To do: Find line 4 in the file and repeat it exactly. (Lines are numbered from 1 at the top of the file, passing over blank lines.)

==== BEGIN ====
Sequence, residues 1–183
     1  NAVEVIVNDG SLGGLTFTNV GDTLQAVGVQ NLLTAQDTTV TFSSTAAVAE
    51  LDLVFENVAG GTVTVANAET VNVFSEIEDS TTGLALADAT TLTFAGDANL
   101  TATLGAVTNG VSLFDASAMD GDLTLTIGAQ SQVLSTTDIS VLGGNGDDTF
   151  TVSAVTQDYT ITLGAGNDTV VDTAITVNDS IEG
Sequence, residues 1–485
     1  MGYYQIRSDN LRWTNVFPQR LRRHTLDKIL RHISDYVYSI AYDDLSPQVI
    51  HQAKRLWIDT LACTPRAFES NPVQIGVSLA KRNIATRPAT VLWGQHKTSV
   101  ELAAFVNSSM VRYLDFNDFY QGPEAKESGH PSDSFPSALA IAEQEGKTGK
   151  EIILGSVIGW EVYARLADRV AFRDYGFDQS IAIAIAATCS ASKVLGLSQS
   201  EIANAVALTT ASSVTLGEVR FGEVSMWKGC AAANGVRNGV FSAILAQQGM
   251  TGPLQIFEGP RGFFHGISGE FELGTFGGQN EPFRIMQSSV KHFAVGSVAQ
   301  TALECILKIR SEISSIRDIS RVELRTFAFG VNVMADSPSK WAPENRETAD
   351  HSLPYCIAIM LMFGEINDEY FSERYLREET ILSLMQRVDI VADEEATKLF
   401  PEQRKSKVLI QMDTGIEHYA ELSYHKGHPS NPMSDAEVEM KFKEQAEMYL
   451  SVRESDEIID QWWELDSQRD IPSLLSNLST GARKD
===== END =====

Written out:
   101  TATLGAVTNG VSLFDASAMD GDLTLTIGAQ SQVLSTTDIS VLGGNGDDTF